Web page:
What does Zarif's resignation mean for Iranian diplomacy? With the erosion of a unipolar world Iran has the chance to shift its foreign policy, whilst continuing to comply with the JCPOA [JB see] and maintain broad diplomatic engagement.
On Monday, Iranian Foreign Minister Mohammed Javad Zarif announced his resignation in a late-night Instagram post, sending shockwaves through political circles in Iran and abroad. Just ten days earlier, Javad Zarif’s fiery performance at the Munich Security Conference had won him praise across the political spectrum in Iran. At a time when public support for the JCPOA among Iranians has slipped to just 51%, Zarif’s strong message struck a chord with the Iranian public, who flooded social media with clips of him defending Iran’s missile program and refuting any notion that the West held the moral high ground. Zarif also made clear that while Europe has made the ‘right political statements’ regarding the JCPOA, it has yet to prove that it is willing ‘to pay the price’ to defend the deal in the face of US ‘bullying’.
Iranian President Hassan Rouhani has rejected Zarif’s resignation, citing Supreme Leader Ayatollah Sayyid Ali Hosseini Khamenei’s trust in and esteem for Zarif. But the foreign minister’s reasons for tendering his resignation are hardly opaque. With parliamentary and presidential elections on the horizon, and the economy falling under increasing pressure, he has had to reassure the public of the Rouhani administration’s nationalist credentials and parry accusations of weak leadership from hardliners, which tried to impeach him in December 2018 over his support for Iran’s Financial Action Task Force reforms. The last straw was reportedly his exclusion from meetings with Syrian President Bashar al-Assad, who was in Tehran on Monday. Zarif felt that the foreign ministry was being unduly sidelined, and told an Iranian newspaper that he sought to defend the ‘integrity’ of the ministry by resigning. Should he stay on, Rouhani and Khamenei’s testimonials may help Zarif prevent the Foreign Ministry’s marginalisation.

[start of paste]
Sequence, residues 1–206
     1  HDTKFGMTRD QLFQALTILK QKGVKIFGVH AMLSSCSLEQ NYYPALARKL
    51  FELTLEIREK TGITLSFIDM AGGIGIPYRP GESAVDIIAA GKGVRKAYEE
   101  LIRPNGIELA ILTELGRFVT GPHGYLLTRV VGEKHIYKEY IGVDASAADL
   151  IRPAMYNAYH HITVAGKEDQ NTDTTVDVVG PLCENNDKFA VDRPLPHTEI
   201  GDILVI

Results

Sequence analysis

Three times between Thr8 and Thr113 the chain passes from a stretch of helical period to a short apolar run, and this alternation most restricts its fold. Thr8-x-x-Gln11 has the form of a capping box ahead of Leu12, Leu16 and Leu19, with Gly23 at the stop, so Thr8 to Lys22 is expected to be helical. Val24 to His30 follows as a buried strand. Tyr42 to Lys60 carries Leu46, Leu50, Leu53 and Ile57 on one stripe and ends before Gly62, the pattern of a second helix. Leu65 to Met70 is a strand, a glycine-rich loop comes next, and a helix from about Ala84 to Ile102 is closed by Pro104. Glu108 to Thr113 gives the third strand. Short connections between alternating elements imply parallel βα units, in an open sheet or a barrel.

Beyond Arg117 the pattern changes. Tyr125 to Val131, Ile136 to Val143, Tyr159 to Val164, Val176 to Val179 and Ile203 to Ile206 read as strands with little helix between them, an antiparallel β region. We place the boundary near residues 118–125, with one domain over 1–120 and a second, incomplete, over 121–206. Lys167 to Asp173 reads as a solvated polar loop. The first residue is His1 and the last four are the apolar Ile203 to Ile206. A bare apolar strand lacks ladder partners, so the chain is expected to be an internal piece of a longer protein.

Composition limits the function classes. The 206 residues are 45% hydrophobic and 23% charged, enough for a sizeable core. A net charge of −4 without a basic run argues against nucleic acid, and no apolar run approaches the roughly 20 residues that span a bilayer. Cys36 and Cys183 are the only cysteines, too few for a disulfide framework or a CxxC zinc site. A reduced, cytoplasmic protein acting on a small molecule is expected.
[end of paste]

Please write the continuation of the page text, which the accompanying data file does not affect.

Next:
Preserving the JCPOA
Regardless of who is foreign minister, Iran’s public diplomacy[JB emphasis] must find a new balance. Zarif’s resignation illustrates how growing divergence in foreign policy between the Iran’s moderates and hardliners could impede the critical political mission of preserving the JCPOA until 2021, when Iran’s newly elected president will likely have the chance to engage a new American president.
Just as the JCPOA remains the signature foreign policy achievement of the Rouhani administration, it also serves as a symbol of multilateralism for the E3 and especially the European Union. However, as demonstrated by the tortured wording of the recent European Council conclusions on Iran, there is growing fatigue in Europe over efforts to shield the JCPOA from the Trump administration’s attacks and increasing frustration over what are perceived as Iran’s destabilising activities in the Middle East and – in light of attempted political assassinations – in Europe. Many European officials view Iran as intractable and are inclined to take a much harsher stance, albeit short of the Trump administration’s ‘maximum pressure’ campaign. …
Provided Iranian officials can maintain Iran’s broad diplomatic engagement, they could leave the door open to improved dialogue with the United States while placing the onus on American leaders to earn back trust of the remaining parties to the deal. It bodes well that the Democratic National Committee has already adopted a resolution calling upon the US to re-enter the JCPOA.